In July of 1991, nature repeated one of its most spectacular shows - a total
eclipse of the sun.
Gerry and I went to Cabo San Lucas, at the southern tip of Baja California, Mexico, checked into a resort hotel, and let the rest of the show come to us.
As you can see in the photo (lower left) taken during totality, I leaned back against the stone wall that overlooks a Pacific Ocean view, and enjoyed the sun's corona, the pominances dancing through craters on the moon, and felt the light cool breeze that rushes along underneath the sun's dark path.
This brief time of near night is accompanied by another light show. The horizon gives the appearance of a 360-degree sunrise (or sunset?) a slice of which you see in the lower photo.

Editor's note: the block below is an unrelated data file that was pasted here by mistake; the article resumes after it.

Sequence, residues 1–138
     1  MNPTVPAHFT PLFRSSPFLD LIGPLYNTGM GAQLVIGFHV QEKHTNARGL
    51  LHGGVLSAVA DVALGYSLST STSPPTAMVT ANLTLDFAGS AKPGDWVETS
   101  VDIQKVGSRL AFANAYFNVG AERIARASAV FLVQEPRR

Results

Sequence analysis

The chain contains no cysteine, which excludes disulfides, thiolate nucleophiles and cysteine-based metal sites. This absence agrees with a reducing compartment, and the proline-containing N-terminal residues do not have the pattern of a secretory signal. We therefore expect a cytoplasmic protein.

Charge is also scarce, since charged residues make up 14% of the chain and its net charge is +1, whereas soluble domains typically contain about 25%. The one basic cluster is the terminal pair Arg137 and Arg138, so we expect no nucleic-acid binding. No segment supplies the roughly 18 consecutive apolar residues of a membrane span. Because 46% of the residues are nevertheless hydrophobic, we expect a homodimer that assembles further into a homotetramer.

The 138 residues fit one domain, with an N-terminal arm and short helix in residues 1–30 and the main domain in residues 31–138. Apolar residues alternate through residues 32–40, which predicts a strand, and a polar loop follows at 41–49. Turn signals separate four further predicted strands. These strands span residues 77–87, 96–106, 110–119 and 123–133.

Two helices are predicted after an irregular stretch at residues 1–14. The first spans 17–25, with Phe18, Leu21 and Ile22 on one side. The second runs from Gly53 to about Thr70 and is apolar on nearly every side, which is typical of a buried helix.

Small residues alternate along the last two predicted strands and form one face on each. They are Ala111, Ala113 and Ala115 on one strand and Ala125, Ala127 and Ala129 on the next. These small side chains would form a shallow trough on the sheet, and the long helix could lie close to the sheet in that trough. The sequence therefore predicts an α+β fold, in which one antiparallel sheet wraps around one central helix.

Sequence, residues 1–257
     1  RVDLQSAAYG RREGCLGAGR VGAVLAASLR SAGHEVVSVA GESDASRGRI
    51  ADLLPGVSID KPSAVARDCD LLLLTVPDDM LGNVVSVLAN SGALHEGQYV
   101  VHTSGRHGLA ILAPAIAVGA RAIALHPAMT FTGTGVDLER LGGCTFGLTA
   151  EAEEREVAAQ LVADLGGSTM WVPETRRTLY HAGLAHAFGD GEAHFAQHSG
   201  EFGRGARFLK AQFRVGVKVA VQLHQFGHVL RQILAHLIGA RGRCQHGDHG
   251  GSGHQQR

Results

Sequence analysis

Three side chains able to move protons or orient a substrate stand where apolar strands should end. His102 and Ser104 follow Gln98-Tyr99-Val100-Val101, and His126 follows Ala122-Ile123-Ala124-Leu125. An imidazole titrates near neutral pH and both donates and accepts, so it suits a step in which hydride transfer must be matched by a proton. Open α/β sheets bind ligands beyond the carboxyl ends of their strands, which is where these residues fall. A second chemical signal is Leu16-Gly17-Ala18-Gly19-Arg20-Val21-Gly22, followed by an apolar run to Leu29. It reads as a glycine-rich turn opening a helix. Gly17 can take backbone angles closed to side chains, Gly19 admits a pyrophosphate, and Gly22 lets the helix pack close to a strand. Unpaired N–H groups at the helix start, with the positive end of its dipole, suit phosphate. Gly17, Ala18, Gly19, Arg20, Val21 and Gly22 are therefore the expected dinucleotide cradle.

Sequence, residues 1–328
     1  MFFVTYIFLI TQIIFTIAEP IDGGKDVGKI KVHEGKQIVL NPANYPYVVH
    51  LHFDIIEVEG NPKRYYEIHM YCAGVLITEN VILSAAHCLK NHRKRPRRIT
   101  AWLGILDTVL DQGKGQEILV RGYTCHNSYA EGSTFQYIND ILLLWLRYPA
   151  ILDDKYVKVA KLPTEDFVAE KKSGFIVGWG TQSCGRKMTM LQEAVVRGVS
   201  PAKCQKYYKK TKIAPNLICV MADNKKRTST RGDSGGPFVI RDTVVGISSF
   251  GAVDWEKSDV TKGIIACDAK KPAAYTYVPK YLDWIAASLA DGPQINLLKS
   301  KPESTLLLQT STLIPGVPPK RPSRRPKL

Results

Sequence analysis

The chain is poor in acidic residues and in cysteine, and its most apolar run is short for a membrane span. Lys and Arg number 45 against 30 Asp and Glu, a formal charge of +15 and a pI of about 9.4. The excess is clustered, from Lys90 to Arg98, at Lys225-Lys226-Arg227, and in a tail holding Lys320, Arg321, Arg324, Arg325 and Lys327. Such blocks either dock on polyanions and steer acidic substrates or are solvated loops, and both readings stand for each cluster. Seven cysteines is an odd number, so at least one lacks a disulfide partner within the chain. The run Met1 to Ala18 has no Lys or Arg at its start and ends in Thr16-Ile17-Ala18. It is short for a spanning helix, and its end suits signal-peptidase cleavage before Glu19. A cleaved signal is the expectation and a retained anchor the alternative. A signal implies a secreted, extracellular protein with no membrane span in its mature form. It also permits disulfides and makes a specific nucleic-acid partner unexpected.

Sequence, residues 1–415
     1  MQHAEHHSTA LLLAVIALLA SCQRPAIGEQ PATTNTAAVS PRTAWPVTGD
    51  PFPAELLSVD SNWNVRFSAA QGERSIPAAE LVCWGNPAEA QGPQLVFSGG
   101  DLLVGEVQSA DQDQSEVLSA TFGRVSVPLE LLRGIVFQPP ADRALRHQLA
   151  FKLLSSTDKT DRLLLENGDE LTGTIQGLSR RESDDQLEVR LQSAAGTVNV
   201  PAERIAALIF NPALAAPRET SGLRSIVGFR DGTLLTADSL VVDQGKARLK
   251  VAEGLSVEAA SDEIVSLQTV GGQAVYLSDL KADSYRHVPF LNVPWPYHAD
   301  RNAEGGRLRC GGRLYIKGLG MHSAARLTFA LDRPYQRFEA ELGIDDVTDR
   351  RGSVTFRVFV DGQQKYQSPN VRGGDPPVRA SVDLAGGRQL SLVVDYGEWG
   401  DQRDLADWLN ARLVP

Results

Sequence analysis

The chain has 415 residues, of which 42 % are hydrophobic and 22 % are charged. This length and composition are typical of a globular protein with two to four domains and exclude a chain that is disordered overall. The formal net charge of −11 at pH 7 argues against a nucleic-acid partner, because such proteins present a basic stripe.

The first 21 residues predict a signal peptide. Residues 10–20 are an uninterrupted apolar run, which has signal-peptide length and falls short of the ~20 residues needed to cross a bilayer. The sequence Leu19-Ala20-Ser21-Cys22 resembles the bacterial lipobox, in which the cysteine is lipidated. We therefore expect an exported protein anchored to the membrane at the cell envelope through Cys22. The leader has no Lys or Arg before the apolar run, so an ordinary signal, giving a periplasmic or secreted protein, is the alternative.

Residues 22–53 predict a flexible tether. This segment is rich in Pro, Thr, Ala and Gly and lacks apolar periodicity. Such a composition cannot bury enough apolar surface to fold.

Because the moon crosses the sun's path so irregularly (although predictably), most eclipse chasers are forced to follow the sun's umbra across withering deserts, frozen tundra, humid jungles, and empty expanses of ocean, risking weather-induced disappointment to witness a phenomonon that lasts usually no more than two minutes. But every few hundred years, the moon is close enough to the earth at the right time of year to lengthen greatly it's black reward -- the period know as totality, when the moon's lingering bulk masks the sun's photosphere (photo in the upper left corner). The 1991 totality at this locale lasted more than six minutes. At the "center line" it was seven minutes!
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